HISTORIC & SCENIC TOURS IN THE BIGHORNS
The Bighorn Mountains and Bighorn National Forest offer many opportunities for sightseeing. There are 3 major highways traversing the Bighorns in an east-west direction. Each offers its own distinct and memorable scenery with relatively equal travel distances and comparable surfaces. So the choice is up to you and your travel objectives:
CLOUD PEAK SKYWAY (US Hwy 16) traverses the southern Bighorn Mountains and offers breathtaking vistas of distant snowcapped peaks along its 45 mile length. This route connects the towns of Buffalo and Tensleep, Wyoming. Highlights include Hospital Hill, Powder Pass, Meadow Lark Lake and Tensleep Canyon. Open year around.
BIGHORN SCENIC BYWAY (US Hwy 14) connects Sheridan and surrounding communities with Greybull, Wyoming and includes 45 miles of scenic mountain driving. Look out over spectacular valley views from one of several roadside turnouts — on a clear day, you can see forever. Interesting stops include Shell Falls, Burgess Junction Visitor Center and Sand Turn. Open year around.
The MEDICINE WHEEL PASSAGE (US 14A) rises sharply from the Bighorn Basin near the city of Lovell and travels 25 miles through high alpine meadows to Burgess Junction, where it intersects with the Bighorn Scenic Byway
Bud Love Winter Range (1-2 hours) On this tour, there is some of the most scenic mountain views imaginable of the Bighorns. As it traverses a wildlife reserve, expect to see white tail deer, mule deer, antelope, wild turkey and other game birds, as well as elk in the winter months.
Fort Phil Kearny (1/2 to a full day tour) Relive some of the West’s legendary history on this tour of where some of the fiercest fighting between Native Americans and the U.S. Calvary took place. The highlight of this tour is the Fort Phil Kearny historic site, which has a visitor’s center and museum with outstanding displays of battle scenes and local history. Go further down Wyoming 193 to Story to visit the site of the Wagon Box Fight. Retrace your steps and as you come to Highway 87, turn left to the Fetterman Monument and historic walk where you can trace the movements of both sides in this tragic battle.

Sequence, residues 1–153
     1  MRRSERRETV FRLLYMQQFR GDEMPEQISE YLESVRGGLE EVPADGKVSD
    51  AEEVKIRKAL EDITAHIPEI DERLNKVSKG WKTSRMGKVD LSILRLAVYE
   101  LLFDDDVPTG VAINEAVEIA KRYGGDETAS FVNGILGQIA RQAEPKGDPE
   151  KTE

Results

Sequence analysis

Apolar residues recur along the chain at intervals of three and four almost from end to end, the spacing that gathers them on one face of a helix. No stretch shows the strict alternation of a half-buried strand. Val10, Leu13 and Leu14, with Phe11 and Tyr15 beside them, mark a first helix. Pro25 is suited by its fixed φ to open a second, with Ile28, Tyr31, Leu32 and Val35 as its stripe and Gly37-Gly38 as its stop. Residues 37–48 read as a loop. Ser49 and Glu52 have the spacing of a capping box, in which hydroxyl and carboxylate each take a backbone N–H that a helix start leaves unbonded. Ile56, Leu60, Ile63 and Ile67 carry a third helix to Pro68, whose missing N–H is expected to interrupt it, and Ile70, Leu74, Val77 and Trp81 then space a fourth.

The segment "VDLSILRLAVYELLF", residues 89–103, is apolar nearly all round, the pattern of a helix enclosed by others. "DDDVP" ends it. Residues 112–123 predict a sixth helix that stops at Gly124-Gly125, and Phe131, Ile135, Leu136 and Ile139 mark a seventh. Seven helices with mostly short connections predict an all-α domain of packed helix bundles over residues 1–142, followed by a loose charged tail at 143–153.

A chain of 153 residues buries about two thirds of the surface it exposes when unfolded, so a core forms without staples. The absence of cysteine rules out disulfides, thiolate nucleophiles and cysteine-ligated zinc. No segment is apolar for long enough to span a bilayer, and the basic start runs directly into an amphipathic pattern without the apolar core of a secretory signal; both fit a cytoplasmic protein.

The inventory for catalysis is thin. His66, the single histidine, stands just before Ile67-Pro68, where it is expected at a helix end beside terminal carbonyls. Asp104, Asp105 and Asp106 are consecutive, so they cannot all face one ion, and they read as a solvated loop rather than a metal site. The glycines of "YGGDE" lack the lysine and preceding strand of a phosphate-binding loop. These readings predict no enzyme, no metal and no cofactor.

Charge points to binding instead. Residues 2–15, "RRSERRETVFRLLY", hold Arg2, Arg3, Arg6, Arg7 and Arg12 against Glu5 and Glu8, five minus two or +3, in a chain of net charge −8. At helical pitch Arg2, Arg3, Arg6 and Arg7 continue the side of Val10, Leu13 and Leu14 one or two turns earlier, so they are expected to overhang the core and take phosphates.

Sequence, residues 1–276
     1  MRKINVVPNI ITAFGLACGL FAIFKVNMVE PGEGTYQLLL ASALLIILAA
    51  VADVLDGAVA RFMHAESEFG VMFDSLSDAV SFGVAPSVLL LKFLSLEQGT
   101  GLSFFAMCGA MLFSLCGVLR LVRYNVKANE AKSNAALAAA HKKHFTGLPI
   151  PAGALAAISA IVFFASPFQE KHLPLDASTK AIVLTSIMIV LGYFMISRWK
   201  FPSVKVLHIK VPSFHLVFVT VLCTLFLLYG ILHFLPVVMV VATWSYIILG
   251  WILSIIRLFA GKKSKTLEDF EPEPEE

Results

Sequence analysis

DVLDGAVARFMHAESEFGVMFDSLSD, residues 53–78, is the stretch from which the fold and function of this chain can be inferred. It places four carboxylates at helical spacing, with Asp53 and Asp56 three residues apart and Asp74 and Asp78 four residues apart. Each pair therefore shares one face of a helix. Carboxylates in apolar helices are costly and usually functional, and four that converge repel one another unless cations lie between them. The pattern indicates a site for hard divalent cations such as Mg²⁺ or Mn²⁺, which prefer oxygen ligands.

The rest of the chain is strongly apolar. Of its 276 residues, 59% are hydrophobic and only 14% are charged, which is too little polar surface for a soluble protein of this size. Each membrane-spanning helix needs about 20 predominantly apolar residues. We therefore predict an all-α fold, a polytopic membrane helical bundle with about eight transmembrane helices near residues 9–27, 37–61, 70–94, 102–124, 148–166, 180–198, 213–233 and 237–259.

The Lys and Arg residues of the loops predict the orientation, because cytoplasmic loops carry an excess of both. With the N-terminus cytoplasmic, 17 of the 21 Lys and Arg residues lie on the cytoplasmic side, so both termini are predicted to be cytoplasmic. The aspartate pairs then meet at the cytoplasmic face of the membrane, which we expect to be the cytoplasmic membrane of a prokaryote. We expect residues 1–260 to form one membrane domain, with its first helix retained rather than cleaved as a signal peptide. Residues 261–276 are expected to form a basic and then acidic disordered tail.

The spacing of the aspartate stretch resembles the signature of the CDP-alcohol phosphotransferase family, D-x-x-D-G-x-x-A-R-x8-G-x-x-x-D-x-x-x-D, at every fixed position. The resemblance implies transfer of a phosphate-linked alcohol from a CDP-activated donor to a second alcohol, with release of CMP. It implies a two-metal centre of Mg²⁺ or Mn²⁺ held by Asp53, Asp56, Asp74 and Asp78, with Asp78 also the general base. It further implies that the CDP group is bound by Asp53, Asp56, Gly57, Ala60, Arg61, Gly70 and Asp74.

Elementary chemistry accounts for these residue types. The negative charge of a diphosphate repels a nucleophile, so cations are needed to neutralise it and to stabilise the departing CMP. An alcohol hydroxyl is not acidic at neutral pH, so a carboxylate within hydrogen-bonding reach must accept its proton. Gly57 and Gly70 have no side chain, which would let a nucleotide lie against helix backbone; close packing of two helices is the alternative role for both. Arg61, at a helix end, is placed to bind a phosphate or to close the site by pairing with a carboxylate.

Dry Creek Petrified Trees
(1 – 2 hours) A brief drive through Wyoming ranch country takes you back 60 million years on this tour. What will you find? The petrified tree and tree stumps for which the area is named, of course. And you will also find a complete eight station ecological walking tour.
Crazy Woman Canyon
(half day, but NOT recommended for trailers or large RVs) One of the favorite outings for locals looking for a beautiful drive and nice, cool place to picnic in the middle of the summer, Crazy Woman Canyon offers a close up view of beautiful rock formations as it hugs a roaring mountain stream along its way. This tour follows a single dirt lane through high canyon walls and ends with a great view of the surrounding Bighorn Mountains.
Pole Creek and Sheep Mountain
(one half to a full day, but high clearance vehicles are necessary for some sections of this route) This tour provides breathtaking panoramic views of Hazelton and Cloud Peaks, the Powder River Basin, as well as likely sightings of mule deer and other wildlife.
(one half to a full day, but high clearance vehicles are necessary for some sections of this route) This loop tour takes you deep into Wyoming’s Legendary Outlaw Country – the hideout area of Butch Cassidy and the Sundance Kid! Johnson County locals and visitors enjoy the wildlife found on this tour as much they do soaking up the history and tales about this wild bunch of outlaws. Nearby Outlaw Cave is a prehistoric rock shelter and Indian Pictographs are to be found a short distance further along the trail. The Middle Fork of the Powder River is also viewed along this route as well as beautiful panoramas of the red mountain walls, the canyon at the Middle Fork of the Powder River and the Dull Knife Battlefield.
Lake DeSmet & Ucross
(half to a full day) Enjoy the best of both worlds — Wyoming outdoors at its best and a great art gallery on the site of an old stage coach stop. Lake DeSmet was named for the great missionary to the Native Americans of this region. The lake that bears the name of Father DeSmet, whose statue graces the western shoreline, is a wonderful place to fish, picnic, swim or just cool off for a while. There are also great facilities for boating and picnicking. Traveling on you will come to one of the best public art galleries in the region, Big Red as it is known locally. This Big Red barn houses great art exhibits.